Something quite significant is at stake. The reason religion works at all, and particularly one as venerable as Judaism, is its ability to connect us to something larger than ourselves. Something transcendent. God is the most obvious example, but for many people, that transcendence resides in other connections. Rituals. Food ways, such as gefilte fish, challah or matzoh ball soup. Ancient prayers that roll off our lips just as they were chanted two thousand years ago. In a world that is increasingly unmoored, our Judaism provides us a snug harbor. Once one begins to jettison these anchors, one risks getting tossed into the storm and chaos so typical of our age. Which is to say, we risk the connections that we humans so desperately need. We risk getting lost.
Still, those silent voices of the past clamor for attention. They too craved connection. Are we not required to reconnect with them, and by so doing, strengthen the privileged present? How do we balance these very really and competing needs? This is a conversation I consistently have with myself, and that we have among our clergy and professional staff as well as with many committed congregants.
I want to share with you a small change in liturgy that we recently made and which is a prime example of the above struggle. In our new prayerbooks, there are a number of places were some of the black words are bracketed. These include additional mention of the matriarchs (imahot) or other women, such as Miriyam. Going forward, we will include all of those bracketed words when praying out loud.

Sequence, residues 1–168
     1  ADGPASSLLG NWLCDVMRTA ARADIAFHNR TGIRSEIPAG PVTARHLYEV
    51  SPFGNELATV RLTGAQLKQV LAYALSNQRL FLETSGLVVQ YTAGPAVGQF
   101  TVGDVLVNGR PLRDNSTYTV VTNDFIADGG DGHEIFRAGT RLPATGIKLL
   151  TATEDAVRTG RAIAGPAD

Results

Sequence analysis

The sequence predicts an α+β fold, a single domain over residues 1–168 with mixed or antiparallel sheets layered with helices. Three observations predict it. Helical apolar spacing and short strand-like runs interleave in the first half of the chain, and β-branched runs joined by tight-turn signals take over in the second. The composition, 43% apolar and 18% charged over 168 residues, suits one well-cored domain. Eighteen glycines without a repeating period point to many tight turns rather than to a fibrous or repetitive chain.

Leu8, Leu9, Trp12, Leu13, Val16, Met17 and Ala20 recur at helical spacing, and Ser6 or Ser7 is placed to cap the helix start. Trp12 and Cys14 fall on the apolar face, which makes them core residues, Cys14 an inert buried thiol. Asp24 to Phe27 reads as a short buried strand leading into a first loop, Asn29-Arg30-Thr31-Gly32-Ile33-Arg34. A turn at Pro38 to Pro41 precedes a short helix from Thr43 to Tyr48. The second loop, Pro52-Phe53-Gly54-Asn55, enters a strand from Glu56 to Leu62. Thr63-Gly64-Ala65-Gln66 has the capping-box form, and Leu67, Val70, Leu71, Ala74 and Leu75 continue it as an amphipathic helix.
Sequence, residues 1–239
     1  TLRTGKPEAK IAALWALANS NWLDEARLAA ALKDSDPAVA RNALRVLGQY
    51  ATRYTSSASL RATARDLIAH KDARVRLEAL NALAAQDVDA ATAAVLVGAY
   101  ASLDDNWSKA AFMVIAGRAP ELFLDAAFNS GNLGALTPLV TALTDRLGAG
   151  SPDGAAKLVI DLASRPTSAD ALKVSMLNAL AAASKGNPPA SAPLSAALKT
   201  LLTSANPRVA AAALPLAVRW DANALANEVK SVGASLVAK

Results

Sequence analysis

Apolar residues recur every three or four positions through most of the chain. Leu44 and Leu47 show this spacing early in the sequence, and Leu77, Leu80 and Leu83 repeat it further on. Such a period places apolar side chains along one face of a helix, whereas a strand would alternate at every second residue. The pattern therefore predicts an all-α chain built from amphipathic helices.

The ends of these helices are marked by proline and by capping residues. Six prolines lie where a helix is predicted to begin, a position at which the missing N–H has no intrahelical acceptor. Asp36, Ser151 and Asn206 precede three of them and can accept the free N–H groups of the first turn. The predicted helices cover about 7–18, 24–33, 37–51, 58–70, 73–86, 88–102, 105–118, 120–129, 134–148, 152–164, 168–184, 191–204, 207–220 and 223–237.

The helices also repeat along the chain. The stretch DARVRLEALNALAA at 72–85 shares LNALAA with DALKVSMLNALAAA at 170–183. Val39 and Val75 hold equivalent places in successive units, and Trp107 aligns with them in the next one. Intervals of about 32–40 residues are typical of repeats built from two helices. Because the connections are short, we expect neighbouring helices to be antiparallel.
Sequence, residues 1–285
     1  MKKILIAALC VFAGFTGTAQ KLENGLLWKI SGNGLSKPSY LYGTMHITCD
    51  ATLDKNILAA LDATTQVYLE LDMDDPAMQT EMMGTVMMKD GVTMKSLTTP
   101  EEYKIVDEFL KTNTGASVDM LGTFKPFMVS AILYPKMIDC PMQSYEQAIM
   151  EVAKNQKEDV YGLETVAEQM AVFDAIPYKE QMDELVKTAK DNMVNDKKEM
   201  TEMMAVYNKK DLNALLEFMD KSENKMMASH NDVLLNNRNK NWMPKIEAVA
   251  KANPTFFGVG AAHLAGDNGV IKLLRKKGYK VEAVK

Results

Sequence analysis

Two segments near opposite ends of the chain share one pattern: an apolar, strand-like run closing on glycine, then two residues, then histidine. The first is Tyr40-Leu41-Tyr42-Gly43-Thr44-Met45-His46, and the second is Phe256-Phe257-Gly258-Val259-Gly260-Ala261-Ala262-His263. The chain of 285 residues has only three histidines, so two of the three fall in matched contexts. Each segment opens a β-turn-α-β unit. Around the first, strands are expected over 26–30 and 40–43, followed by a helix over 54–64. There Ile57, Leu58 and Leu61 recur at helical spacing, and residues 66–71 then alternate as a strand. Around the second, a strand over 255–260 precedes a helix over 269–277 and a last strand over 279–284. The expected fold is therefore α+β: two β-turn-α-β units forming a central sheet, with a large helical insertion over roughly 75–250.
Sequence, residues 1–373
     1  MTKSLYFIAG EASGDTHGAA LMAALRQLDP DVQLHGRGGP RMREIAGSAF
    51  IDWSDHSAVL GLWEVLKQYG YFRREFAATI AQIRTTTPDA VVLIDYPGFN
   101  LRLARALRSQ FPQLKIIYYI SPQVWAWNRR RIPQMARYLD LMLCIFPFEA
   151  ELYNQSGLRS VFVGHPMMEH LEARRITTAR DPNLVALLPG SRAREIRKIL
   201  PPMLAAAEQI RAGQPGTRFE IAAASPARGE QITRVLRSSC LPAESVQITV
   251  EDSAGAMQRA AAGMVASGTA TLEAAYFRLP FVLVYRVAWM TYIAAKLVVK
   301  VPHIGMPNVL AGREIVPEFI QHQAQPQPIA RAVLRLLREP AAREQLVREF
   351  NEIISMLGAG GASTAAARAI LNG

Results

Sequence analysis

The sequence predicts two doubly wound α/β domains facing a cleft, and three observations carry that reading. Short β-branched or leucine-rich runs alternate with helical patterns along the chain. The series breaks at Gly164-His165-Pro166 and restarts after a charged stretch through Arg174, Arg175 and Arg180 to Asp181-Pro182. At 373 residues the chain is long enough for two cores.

I have been pondering the wisdom of this change for a long time. Our prayers in their standard form glean much of their power from their durable nature. When we pray the Amidah, we understand that a thousand years ago, our ancestors chanted the exact same words. All of those people’s hopes and fears are carried in those ancient words. How powerful! The very rhythms of the language are impacted when we make such slight emendations. There are also halakhic, or legal ramifications, for how and when one can change the structure of the prayers. So change, even small change like this, can be disruptive in many ways. The mourner’s kaddish ends with one of these small adjustments.
Nonetheless, our community is deeply committed to inclusion. This is not a buzz word for us, or the latest flavor of the week. It is a bedrock principle that flows out of how we hear the prophet Isaiah’s word that God’s house should be a house for all people. In popular culture, inclusion tends to refer to how we welcome in classes of people who were previously excluded. As Chesterton’s quote highlights, deep religious inclusion does not differentiate between the living or the dead. Long before him, the Sages of the Mishnah made this claim explicit when they argue that acts of kindness [gemilut hasidim] are a higher good than charity [tzedekah], because they can be performed for both the living and the dead, for rich and poor. We can’t extend rights or recognition to one class by excluding another.
Taken on balance, adding a few words that give symbolic weight to our commitment to inclusion seemed like something tradition could bear. Recognizing the essential contributions of women to Jewish history AND the Jewish present is necessary. Simultaneously, we add these names as emblematic of the many forgotten voices we are still learning to recognize as a culture.
The reason to make this liturgical change, therefore, is because our tradition has a deep and abiding belief in the divine spark we all carry. We change, in other words, to strengthen our tradition, not to weaken it.
Shabbat Table Talk
- What is your favorite Jewish tradition?
- How old is it?
- Why is it so precious to you?
- Did you inherit it from a family member or learn it later in life?
If you’d like to continue this discussion, follow this link to CNS’s Facebook page to share your own perspectives on the topics raised in this week’s Oasis Songs. Comments will be moderated as necessary.